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painting of a pale Asian woman with dark hair

Khitan woman, ca. 1000 AD (Musee Guimet, Paris)

From prehistory right through the Middle Ages, most Central Asian people’s most important attachments were to their family and their clan or tribe. Men, women, boys and girls wore clothes that identified which clan and which family they belonged to. Kids learned the stories of their clan, and they sang the songs of their clan.

Because families were so important in Central Asia, women held more power there than they had in West Asian or Chinese states. Women had more power in Central Asia than in ancient Greece or Rome. One in five Scythian women was buried with armor and weapons. Greek stories of Amazons may come from Scythian women fighting as soldiers in Central Asian battles. Some Central Asian people had one woman marrying several men at the same time.

Like everywhere else in Asia and Europe at this time, some Central Asian people were slaves. Often people became slaves when they were captured in a war, or because their parents were poor and sold them into slavery. Genghis Khan himself was a slave when he was a boy. Most Central Asian slaves lived like other poor people in their area, herding cattle, spinning, making felt, knotting carpets, and carrying water.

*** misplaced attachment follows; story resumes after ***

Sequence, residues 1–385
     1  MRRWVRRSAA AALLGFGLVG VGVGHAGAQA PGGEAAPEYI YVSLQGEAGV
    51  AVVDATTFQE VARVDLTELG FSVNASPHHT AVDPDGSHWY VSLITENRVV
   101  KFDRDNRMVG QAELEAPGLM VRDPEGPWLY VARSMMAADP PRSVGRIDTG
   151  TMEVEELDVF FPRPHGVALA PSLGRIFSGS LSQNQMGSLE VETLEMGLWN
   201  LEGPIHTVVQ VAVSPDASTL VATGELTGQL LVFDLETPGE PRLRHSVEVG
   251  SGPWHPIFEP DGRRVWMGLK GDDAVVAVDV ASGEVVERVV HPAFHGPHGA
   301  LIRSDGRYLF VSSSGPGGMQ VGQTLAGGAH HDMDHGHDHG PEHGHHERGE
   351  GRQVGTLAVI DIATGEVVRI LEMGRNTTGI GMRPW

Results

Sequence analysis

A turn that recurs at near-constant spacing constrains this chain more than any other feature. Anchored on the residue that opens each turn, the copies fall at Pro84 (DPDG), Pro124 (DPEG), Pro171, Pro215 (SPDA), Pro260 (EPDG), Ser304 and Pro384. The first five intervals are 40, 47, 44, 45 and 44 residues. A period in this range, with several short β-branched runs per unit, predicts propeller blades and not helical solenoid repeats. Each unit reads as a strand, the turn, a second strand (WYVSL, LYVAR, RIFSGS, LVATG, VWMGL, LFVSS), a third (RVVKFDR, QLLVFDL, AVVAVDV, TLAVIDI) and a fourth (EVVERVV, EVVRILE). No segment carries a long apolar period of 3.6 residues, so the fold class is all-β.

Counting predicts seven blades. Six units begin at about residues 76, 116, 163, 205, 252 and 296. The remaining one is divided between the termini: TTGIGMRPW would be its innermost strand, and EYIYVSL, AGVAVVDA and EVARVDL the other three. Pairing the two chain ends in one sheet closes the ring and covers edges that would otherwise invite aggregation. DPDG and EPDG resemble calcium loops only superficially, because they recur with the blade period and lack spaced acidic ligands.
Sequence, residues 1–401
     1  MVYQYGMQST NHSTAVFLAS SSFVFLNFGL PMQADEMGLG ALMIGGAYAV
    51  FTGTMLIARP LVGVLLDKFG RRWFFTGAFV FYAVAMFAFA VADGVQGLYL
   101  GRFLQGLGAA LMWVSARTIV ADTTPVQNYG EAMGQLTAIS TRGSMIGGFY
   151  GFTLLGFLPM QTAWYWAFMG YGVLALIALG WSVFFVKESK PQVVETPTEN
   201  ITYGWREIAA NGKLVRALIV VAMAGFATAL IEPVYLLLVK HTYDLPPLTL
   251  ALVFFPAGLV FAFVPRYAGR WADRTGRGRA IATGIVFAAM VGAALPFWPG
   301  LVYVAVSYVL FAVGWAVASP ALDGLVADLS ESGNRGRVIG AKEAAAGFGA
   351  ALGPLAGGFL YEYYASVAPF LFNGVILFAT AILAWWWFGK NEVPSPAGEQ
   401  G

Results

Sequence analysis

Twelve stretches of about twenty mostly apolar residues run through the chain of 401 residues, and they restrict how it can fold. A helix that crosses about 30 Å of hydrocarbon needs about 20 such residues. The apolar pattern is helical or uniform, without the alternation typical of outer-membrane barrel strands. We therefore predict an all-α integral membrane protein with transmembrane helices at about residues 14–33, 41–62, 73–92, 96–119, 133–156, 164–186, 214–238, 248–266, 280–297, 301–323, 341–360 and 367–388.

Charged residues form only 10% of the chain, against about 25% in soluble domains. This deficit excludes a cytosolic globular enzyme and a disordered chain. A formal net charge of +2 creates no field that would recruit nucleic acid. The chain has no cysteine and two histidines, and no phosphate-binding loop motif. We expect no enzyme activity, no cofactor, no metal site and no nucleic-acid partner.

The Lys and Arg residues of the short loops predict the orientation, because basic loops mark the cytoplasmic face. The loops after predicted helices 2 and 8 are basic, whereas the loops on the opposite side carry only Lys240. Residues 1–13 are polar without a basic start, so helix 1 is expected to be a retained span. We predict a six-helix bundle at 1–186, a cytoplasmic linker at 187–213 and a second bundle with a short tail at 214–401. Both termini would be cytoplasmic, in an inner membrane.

Also like everywhere else, most Central Asian kids didn’t go to school. Kids needed to learn how to ride horses, and how to shoot a bow, and how to make cloth, more than they needed to read or write. But once the Silk Road was established, a lot of people in Central Asia did get rich enough to send their kids to school. Buddhist monasteries opened good schools for boys and girls. With the coming of Islam, boys went to Islamic schools, but girls couldn’t go. Some of the boys grew up to be scholars, or doctors, or philosophers.

More about Islamic schools

More about the Scythians

Bibliography and further reading about Central Asian people:

Buddhist monks
Islamic schools home